Vice President of Business Development Samantha Cross says, “Normally we have plans to reduce service; we’re always ready.” She continues, “So it was like Hanukkah or Christmas, just a wonderful gift.” Not knowing the budget outcomes, they had started their plans last summer, while the budget was still in development and had put together a good scenario and best-case scenario.
The initial investment was made to enable more frequent service. Cross explains, “In our system we have 36 routes but two or three of our routes are a little bit more than 35 percent of our ridership so those are the backbone of our routes; we put more frequency into those routes.” She adds, “That also enables Bryan [Luellen] to become more creative with how we market the services. Now, we can actually say we have frequent services.”
Manager of Marketing Bryan Luellen states, “That hasn’t happened on these routes in 50 years. Service has just been in a spiral of degrading and this is the first time that we can really say ‘frequent service,’ so that’s exciting.”
After increasing frequency on core routes, they looked at some later service on some routes, frequency improvements on others, a new route across town on the north side, and also used it as an opportunity to realign some routes.
Not Your Usual Stop
Working with People for Urban Progress (PUP), IndyGo has a fun and creative program for bus stops.
PUP wants smart urban design and is an advocate of transit. It is involved in the community and Cross says most people know about them because they get materials that are going to be thrown away and then repurpose them. An example was the mesh cloth from a dome roof when the RCA Dome stadium came down. They have used the cloth to make things such as purses, wallets and bags.
When Bush Stadium was being redeveloped into apartments, they had this excess seating. PUP had a deal with the city and developer to get that old seating and it was thought that would be a fun and creative idea for seating at stops.
“In 2011 they said, ‘We have a seat,’” Cross explains, “So we found a good location.
“Our approach was we’ll start with existing locations and we can swap them out.” She continues, “And to help cover the costs, we’ll develop a program because we can’t pay for every one that goes down because they cost a little bit more than our standard bench, but we’ll share the expense with people.”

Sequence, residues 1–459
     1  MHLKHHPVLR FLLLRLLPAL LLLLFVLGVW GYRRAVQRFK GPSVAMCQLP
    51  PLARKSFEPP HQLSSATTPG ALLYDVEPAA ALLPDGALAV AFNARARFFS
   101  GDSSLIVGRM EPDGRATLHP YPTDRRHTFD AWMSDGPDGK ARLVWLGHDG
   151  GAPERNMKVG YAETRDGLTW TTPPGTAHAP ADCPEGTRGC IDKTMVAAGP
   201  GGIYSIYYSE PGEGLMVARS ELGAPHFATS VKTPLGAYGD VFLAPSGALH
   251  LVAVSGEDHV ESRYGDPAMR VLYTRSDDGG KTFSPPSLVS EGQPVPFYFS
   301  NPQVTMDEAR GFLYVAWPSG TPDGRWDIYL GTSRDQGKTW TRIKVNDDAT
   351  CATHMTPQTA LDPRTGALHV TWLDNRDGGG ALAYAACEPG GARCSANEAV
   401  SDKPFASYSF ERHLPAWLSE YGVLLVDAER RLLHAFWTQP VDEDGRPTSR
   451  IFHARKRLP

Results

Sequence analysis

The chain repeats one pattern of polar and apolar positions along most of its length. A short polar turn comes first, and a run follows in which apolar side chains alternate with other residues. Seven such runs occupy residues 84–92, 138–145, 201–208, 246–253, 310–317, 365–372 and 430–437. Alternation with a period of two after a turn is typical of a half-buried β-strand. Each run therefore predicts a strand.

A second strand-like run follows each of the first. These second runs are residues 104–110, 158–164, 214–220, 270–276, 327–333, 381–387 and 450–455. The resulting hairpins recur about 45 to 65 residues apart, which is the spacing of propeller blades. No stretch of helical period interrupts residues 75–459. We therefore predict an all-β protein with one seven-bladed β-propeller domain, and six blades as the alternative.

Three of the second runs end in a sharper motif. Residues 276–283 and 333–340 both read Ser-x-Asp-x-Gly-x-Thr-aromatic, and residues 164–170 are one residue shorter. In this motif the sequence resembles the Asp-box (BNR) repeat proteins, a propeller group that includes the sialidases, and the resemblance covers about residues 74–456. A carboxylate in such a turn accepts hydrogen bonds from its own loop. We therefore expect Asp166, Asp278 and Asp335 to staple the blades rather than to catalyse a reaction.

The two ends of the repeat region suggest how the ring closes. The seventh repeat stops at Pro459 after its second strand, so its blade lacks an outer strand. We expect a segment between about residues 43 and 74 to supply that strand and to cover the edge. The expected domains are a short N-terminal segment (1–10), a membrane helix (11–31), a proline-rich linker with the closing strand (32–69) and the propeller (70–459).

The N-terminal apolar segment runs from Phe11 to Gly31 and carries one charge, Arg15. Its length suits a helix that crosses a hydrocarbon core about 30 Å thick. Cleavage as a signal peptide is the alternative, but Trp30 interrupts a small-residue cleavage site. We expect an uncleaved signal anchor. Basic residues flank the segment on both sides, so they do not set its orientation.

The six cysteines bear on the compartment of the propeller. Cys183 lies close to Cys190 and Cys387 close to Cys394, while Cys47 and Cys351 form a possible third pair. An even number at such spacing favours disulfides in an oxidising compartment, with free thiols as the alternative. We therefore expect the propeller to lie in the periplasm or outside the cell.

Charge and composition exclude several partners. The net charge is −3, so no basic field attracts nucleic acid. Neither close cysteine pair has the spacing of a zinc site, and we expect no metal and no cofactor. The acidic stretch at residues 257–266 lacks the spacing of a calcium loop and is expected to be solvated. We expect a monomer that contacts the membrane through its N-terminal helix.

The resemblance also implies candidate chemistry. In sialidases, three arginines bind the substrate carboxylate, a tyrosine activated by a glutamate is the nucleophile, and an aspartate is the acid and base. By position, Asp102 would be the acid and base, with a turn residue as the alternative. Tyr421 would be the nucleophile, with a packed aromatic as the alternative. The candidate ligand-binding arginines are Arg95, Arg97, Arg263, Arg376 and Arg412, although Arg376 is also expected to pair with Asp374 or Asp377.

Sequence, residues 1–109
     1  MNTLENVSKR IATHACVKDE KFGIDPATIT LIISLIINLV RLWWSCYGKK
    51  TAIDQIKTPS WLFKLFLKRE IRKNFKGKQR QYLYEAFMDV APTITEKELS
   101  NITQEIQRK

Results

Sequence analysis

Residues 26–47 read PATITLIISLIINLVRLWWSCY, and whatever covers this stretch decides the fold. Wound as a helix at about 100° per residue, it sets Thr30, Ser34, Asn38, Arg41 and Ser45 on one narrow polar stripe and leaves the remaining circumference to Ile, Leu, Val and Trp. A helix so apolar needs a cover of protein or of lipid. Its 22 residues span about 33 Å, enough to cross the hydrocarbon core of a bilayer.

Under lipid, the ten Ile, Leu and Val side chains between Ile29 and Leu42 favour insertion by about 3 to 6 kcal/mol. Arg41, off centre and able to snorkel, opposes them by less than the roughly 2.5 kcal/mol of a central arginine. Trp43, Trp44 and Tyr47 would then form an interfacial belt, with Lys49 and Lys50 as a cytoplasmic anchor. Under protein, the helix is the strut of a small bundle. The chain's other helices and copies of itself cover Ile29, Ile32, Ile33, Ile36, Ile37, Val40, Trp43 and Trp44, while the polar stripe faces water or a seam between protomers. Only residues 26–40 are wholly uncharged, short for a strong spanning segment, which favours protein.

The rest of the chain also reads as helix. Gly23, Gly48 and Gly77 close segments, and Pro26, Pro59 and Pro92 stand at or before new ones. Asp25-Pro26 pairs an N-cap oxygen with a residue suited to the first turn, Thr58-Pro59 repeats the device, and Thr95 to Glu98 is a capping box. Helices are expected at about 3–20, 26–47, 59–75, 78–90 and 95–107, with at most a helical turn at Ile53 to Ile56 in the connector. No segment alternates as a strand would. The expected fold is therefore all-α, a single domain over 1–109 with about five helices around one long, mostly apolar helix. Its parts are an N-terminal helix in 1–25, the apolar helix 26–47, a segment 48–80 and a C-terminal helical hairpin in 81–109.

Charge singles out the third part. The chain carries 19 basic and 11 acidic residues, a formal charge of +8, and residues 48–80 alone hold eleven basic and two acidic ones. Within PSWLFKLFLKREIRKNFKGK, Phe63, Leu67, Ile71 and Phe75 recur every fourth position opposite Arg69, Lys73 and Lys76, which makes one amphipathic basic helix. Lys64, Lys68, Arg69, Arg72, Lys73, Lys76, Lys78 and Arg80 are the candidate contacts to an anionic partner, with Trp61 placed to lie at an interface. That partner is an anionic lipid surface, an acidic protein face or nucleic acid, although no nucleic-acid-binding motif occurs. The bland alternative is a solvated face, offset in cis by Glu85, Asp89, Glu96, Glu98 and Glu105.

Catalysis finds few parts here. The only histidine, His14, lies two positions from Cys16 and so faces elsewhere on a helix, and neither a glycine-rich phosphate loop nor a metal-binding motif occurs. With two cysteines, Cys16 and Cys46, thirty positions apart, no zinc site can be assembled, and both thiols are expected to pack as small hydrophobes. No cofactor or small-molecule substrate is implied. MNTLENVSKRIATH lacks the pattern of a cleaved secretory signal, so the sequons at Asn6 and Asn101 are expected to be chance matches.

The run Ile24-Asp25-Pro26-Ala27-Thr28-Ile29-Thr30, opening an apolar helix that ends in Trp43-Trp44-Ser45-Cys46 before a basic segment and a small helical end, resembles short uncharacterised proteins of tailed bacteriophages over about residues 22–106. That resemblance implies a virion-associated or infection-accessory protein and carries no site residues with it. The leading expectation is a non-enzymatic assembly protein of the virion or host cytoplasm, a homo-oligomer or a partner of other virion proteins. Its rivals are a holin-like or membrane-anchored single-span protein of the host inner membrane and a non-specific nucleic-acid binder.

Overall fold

Cross says they went ahead and invested in a few to plant the seed and now IndyGo’s director of planning is overseeing the program. “It’s not a quick program because they still have to refurbish them but we have five or six seats out and the list is getting close to 10 that we’re getting ready to deploy.
“We’re trying to make it simple,” she says. “We just buy it directly from PUP and people can donate to our program.
“If they’re replacing an existing bench, we cover the cost. If it’s a new location we would invest in, we’re splitting the cost with them.” She explains, “We didn’t want to spend more than we normally would spend on them with this program.”
A Focus on Customer Service
Like many agencies, originally IndyGo recruited people with a CDL for its operators but today it has changed that approach. “What we found is our most likely candidate to come in was either a truck driver or a school bus driver and those roles didn’t always translate well into operating in transit,” explains Vice President of Human Resources Michael Birch. “We’re trying to follow a model that has a stronger emphasis on customer service. Our future goal is to really go after the hospitality industry.”
If a candidate passes through the pre-employment process, IndyGo pays to send them to a CDL school. It is partnering with a tech school to do the training and then the candidate comes back to indyGo with the CDL and are hired and start the training academy where they go through the typical training that everybody gets.
There are some older buses outside the 12-year mark that Birch says they are transferring to the school and IndyGo gets credit back on the value of the buses. “Some of our costs will be offset by the deletion of the buses,” Birch says.